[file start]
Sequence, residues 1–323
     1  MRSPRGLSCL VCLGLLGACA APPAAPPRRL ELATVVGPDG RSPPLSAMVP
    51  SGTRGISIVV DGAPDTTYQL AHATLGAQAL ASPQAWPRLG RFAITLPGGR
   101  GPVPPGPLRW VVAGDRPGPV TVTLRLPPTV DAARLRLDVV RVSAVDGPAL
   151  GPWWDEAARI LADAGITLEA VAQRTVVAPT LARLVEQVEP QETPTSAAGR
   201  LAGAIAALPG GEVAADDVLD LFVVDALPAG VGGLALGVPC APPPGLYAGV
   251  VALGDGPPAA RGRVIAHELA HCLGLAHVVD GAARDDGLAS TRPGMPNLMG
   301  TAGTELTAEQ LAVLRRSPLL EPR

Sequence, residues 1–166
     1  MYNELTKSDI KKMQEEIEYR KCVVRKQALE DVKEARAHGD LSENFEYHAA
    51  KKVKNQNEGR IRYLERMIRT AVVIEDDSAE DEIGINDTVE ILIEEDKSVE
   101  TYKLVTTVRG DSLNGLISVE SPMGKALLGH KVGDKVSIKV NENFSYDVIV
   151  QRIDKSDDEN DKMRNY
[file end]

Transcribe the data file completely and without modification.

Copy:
Sequence, residues 1–323
     1  MRSPRGLSCL VCLGLLGACA APPAAPPRRL ELATVVGPDG RSPPLSAMVP
    51  SGTRGISIVV DGAPDTTYQL AHATLGAQAL ASPQAWPRLG RFAITLPGGR
   101  GPVPPGPLRW VVAGDRPGPV TVTLRLPPTV DAARLRLDVV RVSAVDGPAL
   151  GPWWDEAARI LADAGITLEA VAQRTVVAPT LARLVEQVEP QETPTSAAGR
   201  LAGAIAALPG GEVAADDVLD LFVVDALPAG VGGLALGVPC APPPGLYAGV
   251  VALGDGPPAA RGRVIAHELA HCLGLAHVVD GAARDDGLAS TRPGMPNLMG
   301  TAGTELTAEQ LAVLRRSPLL EPR

Sequence, residues 1–166
     1  MYNELTKSDI KKMQEEIEYR KCVVRKQALE DVKEARAHGD LSENFEYHAA
    51  KKVKNQNEGR IRYLERMIRT AVVIEDDSAE DEIGINDTVE ILIEEDKSVE
   101  TYKLVTTVRG DSLNGLISVE SPMGKALLGH KVGDKVSIKV NENFSYDVIV
   151  QRIDKSDDEN DKMRNY